'Torino': Go ahead, make my payday

Expanding Eastwood drama should have the firepower to make 'Bride' a bridesmaid

It's not a completely open road to boxoffice glory, but Clint Eastwood's "Gran Torino" holds the pole position this weekend as Warner Bros. expands the urban drama into more than 2,800 theaters.

"Torino" was parked in just 84 venues last weekend, its fourth frame in limited release. With about $10 million already in the tank, the Eastwood-helmed and -toplined film could pump another $20 million into its cume this session and top the domestic boxoffice in the process.

The platform campaign is in keeping with the studio's established pattern of catering to the older moviegoers who tend to support Eastwood's films. But in relative terms, the "Torino" rollout has been easier on the gas pedal than some of the filmmaker's previous releases. For instance, Warners broadened 2003's "Mystic River" wide after a single session in limited release, and Universal was similarly quick to expand "Changeling" last year.

"Clint and I spent a lot of time talking about 'Gran Torino,' (and) we thought this was a film that was going to be well-received not only critically but through word-of-mouth," Warners distribution president Dan Fellman said. "We thought the best plan in a crowded marketplace during the holidays was to let it go out more quietly and then build into a wide release."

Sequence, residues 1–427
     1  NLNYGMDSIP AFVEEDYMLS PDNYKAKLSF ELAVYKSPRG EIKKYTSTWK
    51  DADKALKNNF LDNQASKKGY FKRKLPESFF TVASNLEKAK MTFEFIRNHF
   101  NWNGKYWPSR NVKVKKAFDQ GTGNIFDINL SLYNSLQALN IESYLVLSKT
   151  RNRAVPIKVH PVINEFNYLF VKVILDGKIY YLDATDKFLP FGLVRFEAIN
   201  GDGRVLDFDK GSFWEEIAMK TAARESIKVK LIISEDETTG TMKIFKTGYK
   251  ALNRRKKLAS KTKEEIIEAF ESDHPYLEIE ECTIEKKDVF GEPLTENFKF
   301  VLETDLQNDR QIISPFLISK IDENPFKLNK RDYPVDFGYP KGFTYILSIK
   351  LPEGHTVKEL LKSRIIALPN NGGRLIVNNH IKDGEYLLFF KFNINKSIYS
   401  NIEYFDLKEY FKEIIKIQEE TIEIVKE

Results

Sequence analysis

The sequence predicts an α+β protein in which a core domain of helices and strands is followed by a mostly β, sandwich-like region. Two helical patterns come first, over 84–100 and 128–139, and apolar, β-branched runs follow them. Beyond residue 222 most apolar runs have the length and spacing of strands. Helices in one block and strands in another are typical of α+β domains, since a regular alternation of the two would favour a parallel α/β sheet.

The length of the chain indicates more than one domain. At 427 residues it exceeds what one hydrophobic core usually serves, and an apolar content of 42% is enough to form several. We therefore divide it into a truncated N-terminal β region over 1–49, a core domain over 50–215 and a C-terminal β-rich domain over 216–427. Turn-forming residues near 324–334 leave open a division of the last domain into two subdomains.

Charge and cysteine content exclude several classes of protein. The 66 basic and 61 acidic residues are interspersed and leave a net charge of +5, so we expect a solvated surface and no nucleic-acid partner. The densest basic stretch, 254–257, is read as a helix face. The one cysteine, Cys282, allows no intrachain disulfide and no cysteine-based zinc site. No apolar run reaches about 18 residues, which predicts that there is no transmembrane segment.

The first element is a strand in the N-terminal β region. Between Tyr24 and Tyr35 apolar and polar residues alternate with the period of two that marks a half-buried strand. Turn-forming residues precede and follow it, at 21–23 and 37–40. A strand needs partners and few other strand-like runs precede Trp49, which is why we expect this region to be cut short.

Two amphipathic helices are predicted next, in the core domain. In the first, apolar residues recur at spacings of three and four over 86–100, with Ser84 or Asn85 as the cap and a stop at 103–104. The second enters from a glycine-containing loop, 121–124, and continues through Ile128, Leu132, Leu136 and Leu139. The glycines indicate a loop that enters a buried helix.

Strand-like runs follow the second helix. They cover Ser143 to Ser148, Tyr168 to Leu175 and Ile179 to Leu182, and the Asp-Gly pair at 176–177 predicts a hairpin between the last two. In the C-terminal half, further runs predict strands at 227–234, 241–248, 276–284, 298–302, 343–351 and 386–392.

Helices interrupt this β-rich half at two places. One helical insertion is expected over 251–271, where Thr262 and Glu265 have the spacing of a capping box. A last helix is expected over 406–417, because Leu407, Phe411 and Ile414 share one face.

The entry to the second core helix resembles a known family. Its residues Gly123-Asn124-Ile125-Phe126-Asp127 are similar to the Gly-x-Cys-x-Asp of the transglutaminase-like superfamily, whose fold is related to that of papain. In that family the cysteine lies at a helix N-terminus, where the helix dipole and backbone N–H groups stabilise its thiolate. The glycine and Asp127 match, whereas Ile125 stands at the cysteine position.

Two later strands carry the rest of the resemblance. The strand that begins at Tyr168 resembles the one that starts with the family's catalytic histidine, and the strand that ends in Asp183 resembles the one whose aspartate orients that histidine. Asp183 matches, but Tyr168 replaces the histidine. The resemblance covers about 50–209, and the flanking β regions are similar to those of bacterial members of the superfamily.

The strategy seems to be working: "Torino" has grossed more than any previous film released in fewer than 100 theaters. Also notably, audiences have grown younger during the four-week span that the film has toured the marketplace.

"The best advice for this and other similar films is not to get caught speeding," the distribution veteran said.

Elsewhere this weekend, wide openers include Fox's PG-13 romantic comedy "Bride Wars," starring Kate Hudson and Anne Hathaway.

"These are the two hot female stars of this generation," Fox distribution president Bruce Snyder said. "So I expect that young people will flock to it."

Women of all ages have displayed strong interest in prerelease tracking surveys, with younger females particularly fervid.

A dark horse for top honors this weekend, one never should count out any January pic with "Bride" in the title. Previous wedding-themed successes include last year's "27 Dresses" — a $23 million opener and $77 million grosser — and January 2001's "The Wedding Planner," which debuted with $13.5 million en route to registering more than $60 million domestically.

Tracking suggests that "Bride" will bow at least in the midteen millions.

Also this weekend, Universal delivers "The Unborn," a supernatural thriller starring Gary Oldman and Odette Yustman, while Sony unspools the faith-themed drama "Not Easily Broken," starring Morris Chestnut. Both might struggle to rise above the single-digit millions, but Uni execs believe "Unborn" has a shot at poking into the double-digit range. (partialdiff)